(Reviewed: May, 2016)
J.M. Erickson’s two science fiction “novellas” — printed together in Intelligent Design: Revelations to Apocalypse — deal with the question of our origination and how we would handle impending destruction.
“Revelations: Novella I” takes place 60 million years before today, when the inexplicable collision of two planetoids in the solar system threatens life on Mars. Meanwhile, in the present day, scientists on Earth nearly discover Terra, a cloaked neighboring planet, only to have their research disappear or get destroyed when they get too close.
“Apocalypse: Novella II” picks up two years after the present-day events in “Revelations.” Here, Earth, Venus, Mars and Terra face a catastrophe as Jupiter transforms into a small, second sun.
An undetectable planet behind the sun, on which an entire humanoid species resides, presents an intriguing premise. And the idea of Master Architects and Originators — beings crafting the futures of the planets and terraforming them with delicate attention to detail, as introduced in the first novella— calls humanity’s origin story into question in an intriguing way.
Unfortunately, the stories are burdened with too many characters, making the reading experience laborious. (Save for one moment in each novella, the characters’ paths barely cross between the two books.) It’s telling that the author felt it necessary to add a “List of Characters” section prior to the first novella. The book also uses clichéd science fiction plot devices: scientists close to finding out “the truth” disappear; government moles conspire to conquer the newly discovered planet for themselves, etc.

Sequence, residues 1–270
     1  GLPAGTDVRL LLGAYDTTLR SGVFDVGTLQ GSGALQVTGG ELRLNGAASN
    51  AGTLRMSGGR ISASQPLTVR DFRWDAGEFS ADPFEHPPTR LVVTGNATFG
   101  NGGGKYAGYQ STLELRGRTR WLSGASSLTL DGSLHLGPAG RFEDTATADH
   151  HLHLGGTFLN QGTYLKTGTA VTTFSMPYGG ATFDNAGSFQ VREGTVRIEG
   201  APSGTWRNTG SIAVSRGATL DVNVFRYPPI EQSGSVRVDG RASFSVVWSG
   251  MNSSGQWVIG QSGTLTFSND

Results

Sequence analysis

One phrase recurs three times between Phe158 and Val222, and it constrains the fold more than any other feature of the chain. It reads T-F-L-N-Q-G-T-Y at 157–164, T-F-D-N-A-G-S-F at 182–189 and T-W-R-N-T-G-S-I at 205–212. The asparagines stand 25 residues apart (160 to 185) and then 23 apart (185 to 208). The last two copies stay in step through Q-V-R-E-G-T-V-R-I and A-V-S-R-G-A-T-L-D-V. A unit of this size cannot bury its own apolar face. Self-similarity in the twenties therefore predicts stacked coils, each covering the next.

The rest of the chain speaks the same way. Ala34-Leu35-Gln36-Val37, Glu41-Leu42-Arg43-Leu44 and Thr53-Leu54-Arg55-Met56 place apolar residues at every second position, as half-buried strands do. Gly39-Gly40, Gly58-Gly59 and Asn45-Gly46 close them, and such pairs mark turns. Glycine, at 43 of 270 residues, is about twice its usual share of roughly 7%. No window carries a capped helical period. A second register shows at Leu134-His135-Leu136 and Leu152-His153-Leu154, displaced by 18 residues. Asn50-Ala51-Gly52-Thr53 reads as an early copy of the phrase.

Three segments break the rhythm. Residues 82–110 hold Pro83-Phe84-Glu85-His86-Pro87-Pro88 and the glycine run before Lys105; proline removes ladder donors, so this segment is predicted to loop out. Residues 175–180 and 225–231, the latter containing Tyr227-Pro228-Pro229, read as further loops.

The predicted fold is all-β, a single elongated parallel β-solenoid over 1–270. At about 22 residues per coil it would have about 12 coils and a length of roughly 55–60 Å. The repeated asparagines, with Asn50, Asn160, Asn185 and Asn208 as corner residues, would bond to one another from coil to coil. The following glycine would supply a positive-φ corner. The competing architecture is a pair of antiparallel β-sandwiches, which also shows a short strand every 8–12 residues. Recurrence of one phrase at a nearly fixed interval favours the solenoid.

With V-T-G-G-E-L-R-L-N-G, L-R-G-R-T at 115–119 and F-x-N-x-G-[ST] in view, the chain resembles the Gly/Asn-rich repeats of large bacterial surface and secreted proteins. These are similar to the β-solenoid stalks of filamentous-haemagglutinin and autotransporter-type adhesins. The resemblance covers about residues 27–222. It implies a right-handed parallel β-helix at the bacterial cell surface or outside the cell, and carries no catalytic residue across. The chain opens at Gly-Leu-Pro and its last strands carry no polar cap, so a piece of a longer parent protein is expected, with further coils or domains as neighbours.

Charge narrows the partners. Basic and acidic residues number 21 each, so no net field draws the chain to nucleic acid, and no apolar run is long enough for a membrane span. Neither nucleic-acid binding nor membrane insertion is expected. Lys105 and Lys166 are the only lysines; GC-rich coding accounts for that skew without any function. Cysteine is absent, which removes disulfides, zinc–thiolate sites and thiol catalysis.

Typically, a novella is between 17,500 and 40,000 words and is normally a stand-alone work. Here, however, each “novella” is much longer (190 pages and 189 pages). The author might consider dropping the moniker “novella” and simply calling his book a novel in two parts.
As it stands, this offering attempts to pack too much into its pages with too little that’s fresh and inventive, resulting in a story with limited appeal for science fiction fans.